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Tracking Expenses.

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The first step in making a budget is to see where you are spending your money. When you track expenses regularly, you might be surprised at where you spend your money. I spend my money differently than you. A set budget doesn’t work for everyone. You need to have the flexibility if you want to make it work.

I have an excel spreadsheet to track expenses and balance my checkbook regularly. But, I decided to try the free apps on my iPad and see which one I liked best. Here’s a review of the pros and cons to each app that I tried.

Checkbook. This is my favorite and the one I’m currently using. Pros: it is easy to set up categories, fun pictures for categories which makes it easy to see at a glance, easy to add transactions, recurring payments. Cons: if you put in the wrong date, it can be very difficult to find the transaction. Also, I don’t like that you need to go into the detail of the transaction to enter it but you can’t mark it as cleared until you’re on the main screen. This one has a lot of manual entry.

Mint: Pros: Most of the work is done for you once you set up your accounts. It will track your expenses. I like the reports. I like the e-mails when I reach a goal. And, I like the credit report tracking. Cons: I like to look through each category and make sure that my expenses are in the right categories. For instance, I buy my gas at Costco but I like to keep the amount separate from what I spend inside the store. So, I need to go into Mint and move transactions around. You also can’t put in the transactions before they clear your bank. You can put in a budget for each area and then once it clears the bank, it will take the money out of that bucket for the month. For some people, that might be a pro. I haven’t used it enough in that way.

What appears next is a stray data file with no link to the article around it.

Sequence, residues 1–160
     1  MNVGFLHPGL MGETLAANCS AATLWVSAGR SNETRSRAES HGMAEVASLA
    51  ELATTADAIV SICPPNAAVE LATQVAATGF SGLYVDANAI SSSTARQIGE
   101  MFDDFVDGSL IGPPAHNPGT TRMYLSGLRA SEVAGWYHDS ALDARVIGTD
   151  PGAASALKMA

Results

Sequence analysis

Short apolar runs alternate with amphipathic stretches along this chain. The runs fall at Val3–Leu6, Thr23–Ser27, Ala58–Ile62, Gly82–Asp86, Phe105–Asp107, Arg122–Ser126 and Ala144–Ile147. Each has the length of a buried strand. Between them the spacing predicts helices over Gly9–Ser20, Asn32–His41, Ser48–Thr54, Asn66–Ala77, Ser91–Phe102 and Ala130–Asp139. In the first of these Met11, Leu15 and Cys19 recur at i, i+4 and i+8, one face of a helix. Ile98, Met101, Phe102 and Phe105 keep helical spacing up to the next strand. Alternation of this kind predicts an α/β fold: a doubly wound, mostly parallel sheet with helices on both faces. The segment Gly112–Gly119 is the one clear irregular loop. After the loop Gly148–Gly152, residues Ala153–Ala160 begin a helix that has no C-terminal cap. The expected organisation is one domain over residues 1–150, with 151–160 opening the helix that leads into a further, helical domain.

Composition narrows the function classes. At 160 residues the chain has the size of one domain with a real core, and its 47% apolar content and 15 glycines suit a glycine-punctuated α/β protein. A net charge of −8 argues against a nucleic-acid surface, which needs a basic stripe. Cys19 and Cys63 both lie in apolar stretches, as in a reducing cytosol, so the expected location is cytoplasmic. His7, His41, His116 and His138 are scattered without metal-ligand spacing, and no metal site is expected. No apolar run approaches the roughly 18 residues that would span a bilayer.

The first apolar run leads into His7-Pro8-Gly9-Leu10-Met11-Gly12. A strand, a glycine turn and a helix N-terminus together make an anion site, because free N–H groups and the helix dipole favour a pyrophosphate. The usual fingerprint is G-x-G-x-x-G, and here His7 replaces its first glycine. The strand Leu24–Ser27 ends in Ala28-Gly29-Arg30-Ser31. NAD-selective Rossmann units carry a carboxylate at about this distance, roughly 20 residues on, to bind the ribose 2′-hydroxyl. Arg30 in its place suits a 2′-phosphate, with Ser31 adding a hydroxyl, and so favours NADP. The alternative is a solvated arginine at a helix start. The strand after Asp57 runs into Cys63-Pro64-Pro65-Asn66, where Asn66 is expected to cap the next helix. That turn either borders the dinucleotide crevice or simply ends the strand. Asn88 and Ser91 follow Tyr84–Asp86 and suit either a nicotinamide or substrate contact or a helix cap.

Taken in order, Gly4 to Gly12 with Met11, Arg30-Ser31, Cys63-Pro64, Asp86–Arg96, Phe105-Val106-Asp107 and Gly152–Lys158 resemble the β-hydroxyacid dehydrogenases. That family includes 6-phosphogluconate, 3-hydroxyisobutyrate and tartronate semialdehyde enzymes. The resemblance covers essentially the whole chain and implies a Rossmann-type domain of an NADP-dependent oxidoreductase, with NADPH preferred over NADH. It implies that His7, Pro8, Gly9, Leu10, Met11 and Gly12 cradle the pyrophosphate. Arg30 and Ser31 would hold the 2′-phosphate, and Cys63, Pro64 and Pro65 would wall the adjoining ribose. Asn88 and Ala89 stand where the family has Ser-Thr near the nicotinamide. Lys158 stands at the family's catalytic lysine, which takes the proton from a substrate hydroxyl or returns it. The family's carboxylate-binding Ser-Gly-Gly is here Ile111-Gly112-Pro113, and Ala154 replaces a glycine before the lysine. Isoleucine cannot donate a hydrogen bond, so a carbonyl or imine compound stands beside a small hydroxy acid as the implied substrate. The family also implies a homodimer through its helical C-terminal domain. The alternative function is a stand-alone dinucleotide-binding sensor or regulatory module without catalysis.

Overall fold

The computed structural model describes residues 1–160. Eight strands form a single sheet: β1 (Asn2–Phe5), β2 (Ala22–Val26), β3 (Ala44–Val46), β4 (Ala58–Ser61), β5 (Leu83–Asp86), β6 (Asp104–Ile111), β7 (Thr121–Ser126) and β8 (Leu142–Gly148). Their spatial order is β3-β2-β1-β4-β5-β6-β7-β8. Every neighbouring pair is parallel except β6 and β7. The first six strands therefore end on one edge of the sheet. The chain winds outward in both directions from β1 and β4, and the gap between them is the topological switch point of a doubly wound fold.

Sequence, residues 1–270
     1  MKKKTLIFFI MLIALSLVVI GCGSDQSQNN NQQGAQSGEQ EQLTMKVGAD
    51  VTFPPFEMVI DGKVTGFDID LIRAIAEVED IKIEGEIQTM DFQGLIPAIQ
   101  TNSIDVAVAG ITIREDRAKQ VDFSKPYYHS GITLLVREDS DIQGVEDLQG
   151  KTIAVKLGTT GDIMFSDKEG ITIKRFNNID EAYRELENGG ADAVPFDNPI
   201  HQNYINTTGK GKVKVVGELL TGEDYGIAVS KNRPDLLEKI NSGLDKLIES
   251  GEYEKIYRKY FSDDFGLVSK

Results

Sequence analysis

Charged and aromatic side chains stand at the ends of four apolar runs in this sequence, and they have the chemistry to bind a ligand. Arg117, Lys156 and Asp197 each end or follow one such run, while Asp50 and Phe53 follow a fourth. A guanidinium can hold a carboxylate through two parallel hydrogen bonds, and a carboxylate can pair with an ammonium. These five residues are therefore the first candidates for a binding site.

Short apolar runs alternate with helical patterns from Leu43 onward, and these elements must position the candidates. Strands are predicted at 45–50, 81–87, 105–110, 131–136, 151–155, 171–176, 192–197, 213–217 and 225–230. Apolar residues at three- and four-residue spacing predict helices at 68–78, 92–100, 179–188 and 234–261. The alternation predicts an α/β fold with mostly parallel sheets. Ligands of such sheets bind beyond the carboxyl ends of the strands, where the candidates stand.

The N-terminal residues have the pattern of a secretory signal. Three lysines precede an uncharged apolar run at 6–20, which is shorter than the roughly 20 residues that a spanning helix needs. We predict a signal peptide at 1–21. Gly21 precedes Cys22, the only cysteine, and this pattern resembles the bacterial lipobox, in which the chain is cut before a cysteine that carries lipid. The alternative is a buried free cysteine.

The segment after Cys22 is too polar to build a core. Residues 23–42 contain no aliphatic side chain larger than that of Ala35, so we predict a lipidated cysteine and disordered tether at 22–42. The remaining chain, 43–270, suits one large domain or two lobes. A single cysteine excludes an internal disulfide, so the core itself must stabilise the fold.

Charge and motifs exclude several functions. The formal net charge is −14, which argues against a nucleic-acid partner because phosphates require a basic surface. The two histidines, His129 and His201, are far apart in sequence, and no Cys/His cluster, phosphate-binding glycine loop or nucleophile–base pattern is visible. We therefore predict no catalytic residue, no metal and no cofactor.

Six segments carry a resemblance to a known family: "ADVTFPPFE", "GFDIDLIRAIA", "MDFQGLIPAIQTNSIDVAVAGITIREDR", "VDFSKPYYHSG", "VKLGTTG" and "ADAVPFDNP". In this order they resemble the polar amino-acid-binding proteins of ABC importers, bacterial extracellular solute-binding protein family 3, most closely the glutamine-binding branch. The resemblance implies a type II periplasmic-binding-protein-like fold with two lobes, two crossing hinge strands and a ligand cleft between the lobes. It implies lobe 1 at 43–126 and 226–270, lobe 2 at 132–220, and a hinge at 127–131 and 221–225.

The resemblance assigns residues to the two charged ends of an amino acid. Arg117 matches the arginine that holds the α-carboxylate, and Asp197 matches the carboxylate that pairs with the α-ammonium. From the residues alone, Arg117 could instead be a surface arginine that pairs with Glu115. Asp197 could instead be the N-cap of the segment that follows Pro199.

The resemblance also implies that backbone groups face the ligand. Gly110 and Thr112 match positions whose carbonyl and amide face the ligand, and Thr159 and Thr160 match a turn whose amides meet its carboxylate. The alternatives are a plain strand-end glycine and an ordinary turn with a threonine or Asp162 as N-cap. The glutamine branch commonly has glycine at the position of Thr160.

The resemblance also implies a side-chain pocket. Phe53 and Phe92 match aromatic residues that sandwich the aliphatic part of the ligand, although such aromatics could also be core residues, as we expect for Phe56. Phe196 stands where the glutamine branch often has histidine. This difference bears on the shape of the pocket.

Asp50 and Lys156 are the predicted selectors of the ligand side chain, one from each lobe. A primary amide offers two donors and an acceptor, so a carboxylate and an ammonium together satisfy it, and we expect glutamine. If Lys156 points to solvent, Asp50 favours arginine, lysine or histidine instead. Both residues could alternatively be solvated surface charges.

Every time I get paid, I spend the money by entering transactions into Checkbook that day. I use my accounts more like the envelope system. But, I don’t like to carry cash or pay with cash all the time. So, by entering the transactions when I get paid, and spending all my money, I know where all of my money is going for the week because I get paid every week. I give myself $40 a week to eat out. This includes fast food, lunches, and date night. When the money is gone, I don’t spend anymore money on eating out that week. If I have some left over from the previous week, it gets added into this week’s amount.

Tracking expenses is an important part of setting up and maintaining a budget that works for you. You probably looked at my $40 a week to eat out and thought that’s way too much or that’s way too little. You get to decide what that number is for you and then stick to it.

If you can’t stick to the budget in an area, you need to look at which budget you can make smaller so that you have more room in this budget. If you can’t stick to the budget, what good is it doing you? Reevaluate your budgets on a regular basis.

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5 Reasons a Budget Will Help You.